MARANA, Ariz. -- I know, I know. Geoff Ogilvy is playing Henrik Stenson in the WGC-Accenture Match Play final and you don't care. Or you care, but not enough to watch. Or you care enough to watch, but not enough to watch 36 holes.
It's OK. You're not alone. Once Tiger Woods was eliminated from the field on Friday, plenty of golf widows out there were all of a sudden getting their husbands to start working on that honey-do list this weekend without much of a fight.
Now that the red (shirt) alert is over and the streak-that-wasn't-a-streak is a thing of the past, we're back to life as usual, watching golf tournaments without the federally mandated mention of the world's top-ranked player every 8.3 seconds. It's like a directive has finally subsided:
This has been a Tiger Woods Special Report. We now return you to our regularly scheduled PGA Tour season.
Only problem is, Life After Woods holds about as much appeal as a Paris Hilton concert for most of you. This week's TigerBash lasted three days, so excuse the Dove Mountain crowds (yes, they're technically The Gallery's galleries) if they collectively wore the look of a hungover frat boy on Sunday. After all, the party was over.
Hey, good for you guys. I get it. You enjoy watching the big names. You like seeing the best players compete against each other and anything less is a snoozefest.
Well, you know what? These are some of the world's best players. Just because Geoff and Henrik aren't known universally by their first names alone, just because both can go to Starbucks without summoning the Secret Service, just because neither commutes to events by Gulfstream II jet, doesn't mean they aren't incredibly proficient at hitting that little white ball into a 4.25-inch wide hole in the ground.
Look, if a wild card team can win the World Series and Rex Grossman can quarterback in a Super Bowl, then this is hardly the breaking point of championship sports inefficiency during the past year.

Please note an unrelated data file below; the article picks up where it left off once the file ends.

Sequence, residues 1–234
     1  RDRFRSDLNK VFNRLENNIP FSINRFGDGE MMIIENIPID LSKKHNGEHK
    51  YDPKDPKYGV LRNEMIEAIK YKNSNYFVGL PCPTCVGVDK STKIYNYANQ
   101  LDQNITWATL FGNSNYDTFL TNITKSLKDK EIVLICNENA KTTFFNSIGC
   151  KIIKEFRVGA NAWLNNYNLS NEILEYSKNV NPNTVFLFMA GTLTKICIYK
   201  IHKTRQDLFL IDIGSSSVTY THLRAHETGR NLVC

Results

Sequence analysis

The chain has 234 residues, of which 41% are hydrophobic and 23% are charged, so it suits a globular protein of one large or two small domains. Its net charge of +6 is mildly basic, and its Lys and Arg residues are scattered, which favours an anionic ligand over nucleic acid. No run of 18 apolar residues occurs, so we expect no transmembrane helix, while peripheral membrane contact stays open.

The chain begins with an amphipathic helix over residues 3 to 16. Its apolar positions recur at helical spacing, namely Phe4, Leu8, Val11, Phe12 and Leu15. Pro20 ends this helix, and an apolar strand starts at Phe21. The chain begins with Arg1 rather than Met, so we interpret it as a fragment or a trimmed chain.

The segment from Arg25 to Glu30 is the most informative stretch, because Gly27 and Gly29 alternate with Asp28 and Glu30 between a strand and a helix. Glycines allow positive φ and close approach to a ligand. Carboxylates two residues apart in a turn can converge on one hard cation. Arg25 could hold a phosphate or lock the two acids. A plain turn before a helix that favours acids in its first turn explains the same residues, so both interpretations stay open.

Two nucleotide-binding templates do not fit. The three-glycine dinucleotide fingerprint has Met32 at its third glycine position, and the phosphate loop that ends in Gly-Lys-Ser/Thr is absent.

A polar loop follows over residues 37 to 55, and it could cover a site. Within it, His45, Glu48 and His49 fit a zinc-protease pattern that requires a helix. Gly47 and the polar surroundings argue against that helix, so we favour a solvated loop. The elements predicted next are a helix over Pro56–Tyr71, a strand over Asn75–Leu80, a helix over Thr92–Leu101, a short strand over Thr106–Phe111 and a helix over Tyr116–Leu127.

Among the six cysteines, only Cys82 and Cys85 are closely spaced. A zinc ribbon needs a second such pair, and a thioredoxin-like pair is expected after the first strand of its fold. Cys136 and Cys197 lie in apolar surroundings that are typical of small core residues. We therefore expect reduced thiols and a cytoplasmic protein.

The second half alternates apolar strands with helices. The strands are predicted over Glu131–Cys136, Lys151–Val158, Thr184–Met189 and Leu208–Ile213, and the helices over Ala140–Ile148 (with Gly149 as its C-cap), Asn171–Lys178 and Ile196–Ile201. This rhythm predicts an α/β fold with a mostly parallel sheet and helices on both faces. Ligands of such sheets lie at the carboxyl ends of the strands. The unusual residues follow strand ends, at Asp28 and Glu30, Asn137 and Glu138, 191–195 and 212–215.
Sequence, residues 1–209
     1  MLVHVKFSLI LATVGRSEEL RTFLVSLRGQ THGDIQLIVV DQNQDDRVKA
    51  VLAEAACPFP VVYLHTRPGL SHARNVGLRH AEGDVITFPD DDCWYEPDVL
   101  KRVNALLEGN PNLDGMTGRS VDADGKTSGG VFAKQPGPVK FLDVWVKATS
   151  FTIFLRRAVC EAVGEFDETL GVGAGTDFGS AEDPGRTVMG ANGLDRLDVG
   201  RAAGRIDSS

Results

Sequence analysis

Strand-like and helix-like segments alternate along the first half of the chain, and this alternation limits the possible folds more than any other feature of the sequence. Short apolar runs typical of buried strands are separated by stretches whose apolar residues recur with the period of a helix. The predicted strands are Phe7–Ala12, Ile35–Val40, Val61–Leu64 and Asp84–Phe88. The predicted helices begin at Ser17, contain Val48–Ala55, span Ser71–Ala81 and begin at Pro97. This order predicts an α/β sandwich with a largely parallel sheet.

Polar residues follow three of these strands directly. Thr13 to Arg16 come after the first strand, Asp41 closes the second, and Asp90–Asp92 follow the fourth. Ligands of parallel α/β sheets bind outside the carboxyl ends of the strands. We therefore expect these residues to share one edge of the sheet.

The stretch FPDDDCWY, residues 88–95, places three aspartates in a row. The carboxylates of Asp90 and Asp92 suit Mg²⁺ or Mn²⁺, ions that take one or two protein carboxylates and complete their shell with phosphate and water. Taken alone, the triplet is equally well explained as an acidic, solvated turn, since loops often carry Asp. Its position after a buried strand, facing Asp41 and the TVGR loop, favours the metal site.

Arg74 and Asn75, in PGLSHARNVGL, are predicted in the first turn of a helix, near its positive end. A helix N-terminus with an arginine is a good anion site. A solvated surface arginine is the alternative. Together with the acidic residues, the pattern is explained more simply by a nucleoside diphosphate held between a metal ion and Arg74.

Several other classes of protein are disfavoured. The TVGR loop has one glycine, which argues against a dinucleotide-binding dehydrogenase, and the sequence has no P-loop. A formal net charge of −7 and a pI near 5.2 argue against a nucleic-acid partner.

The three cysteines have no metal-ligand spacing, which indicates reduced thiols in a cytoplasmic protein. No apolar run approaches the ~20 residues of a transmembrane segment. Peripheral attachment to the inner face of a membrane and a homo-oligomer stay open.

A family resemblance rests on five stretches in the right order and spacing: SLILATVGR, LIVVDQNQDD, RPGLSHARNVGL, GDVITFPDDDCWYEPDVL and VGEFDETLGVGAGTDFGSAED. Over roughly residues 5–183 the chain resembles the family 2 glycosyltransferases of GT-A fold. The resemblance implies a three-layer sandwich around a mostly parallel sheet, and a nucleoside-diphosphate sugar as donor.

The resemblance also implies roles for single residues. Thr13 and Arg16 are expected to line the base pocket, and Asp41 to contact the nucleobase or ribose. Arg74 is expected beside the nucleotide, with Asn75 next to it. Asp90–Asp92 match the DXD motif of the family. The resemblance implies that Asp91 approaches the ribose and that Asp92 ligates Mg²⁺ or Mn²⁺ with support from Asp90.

Think about it: These guys aren't in the upper echelon of global superstars, but they're pretty damn close. How good are they? Entering this week, Stenson was ranked eighth in the world and Ogilvy was 11th. Each has a chance to leapfrog the likes of Vijay Singh, Retief Goosen and Ernie Els into the top-five on the list, which puts them in with some pretty heady company.
They're not "fluky-good," either. These are genuine, bona fide winners. Stenson beat Woods, among others, in earning the Dubai Desert Classic title recently. And while most fans still think the U.S. Open trophy was handed to Ogilvy on a platter by Phil Mickelson, Jim Furyk and Colin Montgomerie last year, remember that he was the only man on the leaderboard to make par on each of the final four holes at Winged Foot.
Even with that victory and the 2006 Accenture already to his credit, Ogilvy remains a household name only in his own household.
"I think the golf world knows who I am, but outside the golf world? Probably not," said Ogilvy, who now owns an 11-0 career match record in this event. "There's not that many golfers who get their reach outside the golf world. There's a few, but not a lot, and I'm definitely not one of them."
Why not? Wish I knew. Certainly winning the Open has some cache 'round these parts. And the fact that he's reached the finals two years running in what is undeniably the coolest structured event on tour should hold some weight, too.
Would it get your attention if I said Ogilvy and Stenson have as much of a chance of winning a major as Mickelson and Furyk this year? Well, it should. And they do.
So, at the risk of sounding like Jerry Maguire: Who's with me?
Who's up for 36 holes of golf from two of the world's best players, a match that promises drama, excitement and suspense?
It's not too late to jump on the Ogilvy/Stenson bandwagon. Plenty of good seats still available.
Jason Sobel is ESPN.com's golf editor. He can be reached at Jason.Sobel@espn3.com